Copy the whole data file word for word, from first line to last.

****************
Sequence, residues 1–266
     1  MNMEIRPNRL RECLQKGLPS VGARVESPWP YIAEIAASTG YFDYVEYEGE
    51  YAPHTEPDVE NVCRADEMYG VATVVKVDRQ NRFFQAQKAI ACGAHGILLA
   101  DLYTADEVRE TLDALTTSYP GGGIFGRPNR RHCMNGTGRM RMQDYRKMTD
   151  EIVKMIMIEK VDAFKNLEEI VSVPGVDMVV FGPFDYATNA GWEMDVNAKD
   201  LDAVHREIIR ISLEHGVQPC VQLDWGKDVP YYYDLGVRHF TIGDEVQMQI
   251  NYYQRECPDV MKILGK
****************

Sequence, residues 1–266
     1  MNMEIRPNRL RECLQKGLPS VGARVESPWP YIAEIAASTG YFDYVEYEGE
    51  YAPHTEPDVE NVCRADEMYG VATVVKVDRQ NRFFQAQKAI ACGAHGILLA
   101  DLYTADEVRE TLDALTTSYP GGGIFGRPNR RHCMNGTGRM RMQDYRKMTD
   151  EIVKMIMIEK VDAFKNLEEI VSVPGVDMVV FGPFDYATNA GWEMDVNAKD
   201  LDAVHREIIR ISLEHGVQPC VQLDWGKDVP YYYDLGVRHF TIGDEVQMQI
   251  NYYQRECPDV MKILGK